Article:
Mr. Shortell reported to work for the return trip. The power for train M37321 28 was not ready at the ordering time. At 2145, the power was released. The blue flags were not removed from train M37321 28 until 2236, 17 hours and 7 minutes after the off duty time.

The Union Position:

The Union contends that Mr. Shortell was ordered contrary to the terms of the Collective Agreement and the Extended Run Principles. The Union contends that Mr. Shortell was called for duty at 2125 to avoid the deadhead costs that were about to be incurred in accordance with the Extended Run Principles.

The Union contends that the Company’s decision to call Mr. Shortell for duty at 2125, after being held at the away from home terminal for 15 hours and 56 minutes but without the train being ready for one hour and 11 minutes after reporting for duty constitutes sharp practice and an unreasonable exercise of management rights in the circumstances.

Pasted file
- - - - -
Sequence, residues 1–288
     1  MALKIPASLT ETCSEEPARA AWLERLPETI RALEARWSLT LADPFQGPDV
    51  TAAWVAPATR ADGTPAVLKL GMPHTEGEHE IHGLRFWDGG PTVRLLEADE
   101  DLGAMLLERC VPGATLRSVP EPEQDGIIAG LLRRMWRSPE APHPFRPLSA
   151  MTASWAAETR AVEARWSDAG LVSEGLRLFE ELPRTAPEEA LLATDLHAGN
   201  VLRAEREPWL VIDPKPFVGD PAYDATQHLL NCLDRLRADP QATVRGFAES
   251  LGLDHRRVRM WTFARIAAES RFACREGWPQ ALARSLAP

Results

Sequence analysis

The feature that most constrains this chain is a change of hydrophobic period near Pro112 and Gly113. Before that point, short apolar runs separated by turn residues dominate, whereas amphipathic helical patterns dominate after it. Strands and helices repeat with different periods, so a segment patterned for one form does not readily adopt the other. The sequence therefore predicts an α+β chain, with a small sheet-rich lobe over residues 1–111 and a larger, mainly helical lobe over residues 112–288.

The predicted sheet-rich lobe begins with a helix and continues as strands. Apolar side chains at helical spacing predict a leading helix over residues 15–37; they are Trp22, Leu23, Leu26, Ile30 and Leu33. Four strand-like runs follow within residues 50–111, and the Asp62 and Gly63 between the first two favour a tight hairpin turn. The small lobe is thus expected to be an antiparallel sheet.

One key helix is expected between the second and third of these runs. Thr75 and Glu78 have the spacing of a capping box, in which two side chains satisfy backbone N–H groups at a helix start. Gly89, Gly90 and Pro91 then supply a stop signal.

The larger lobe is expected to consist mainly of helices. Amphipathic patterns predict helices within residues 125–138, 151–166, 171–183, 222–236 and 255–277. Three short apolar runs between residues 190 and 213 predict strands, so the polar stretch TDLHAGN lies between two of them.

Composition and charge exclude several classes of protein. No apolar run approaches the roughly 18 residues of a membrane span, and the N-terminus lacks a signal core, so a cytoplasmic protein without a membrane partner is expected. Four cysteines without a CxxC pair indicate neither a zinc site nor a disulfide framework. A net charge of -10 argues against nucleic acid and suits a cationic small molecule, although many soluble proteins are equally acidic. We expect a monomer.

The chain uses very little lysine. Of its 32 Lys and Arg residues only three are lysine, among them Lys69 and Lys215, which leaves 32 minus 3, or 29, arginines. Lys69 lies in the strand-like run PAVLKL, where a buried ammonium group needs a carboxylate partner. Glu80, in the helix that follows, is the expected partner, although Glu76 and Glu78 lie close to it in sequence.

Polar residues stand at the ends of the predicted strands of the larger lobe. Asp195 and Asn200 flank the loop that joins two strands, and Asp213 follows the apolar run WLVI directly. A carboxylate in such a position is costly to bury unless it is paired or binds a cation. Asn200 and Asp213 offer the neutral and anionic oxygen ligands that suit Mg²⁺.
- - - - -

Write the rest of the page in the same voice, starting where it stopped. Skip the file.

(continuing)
The Union seeks a declaration that the Company has breached the Collective Agreements and the Extended Run Principles as outlined above.  The Union seeks an order that Mr. Shortell be paid 100 miles, in addition to such further relief that the Arbitrator deems necessary in the circumstances.

The Company’s Position:

The Company disagrees with the Union’s position. The Company relies upon the language of the Collective Agreement and the Extended Run Principles. The Company disagrees that there has been any violation of the Collective Agreement and denies that there has been sharp practice.

The parties agree that this matter is properly before the Arbitrator.

FOR THE UNION:                                   FOR THE COMPANY:

(SGD.) R. Caldwell                                  (SGD.) M. Marshall

General Chairman                                    Senior Labour Relations Manager


3.            Article 25.1 of the collective agreement provides that “employees will not be held at the away from home terminal more than 14 hours”.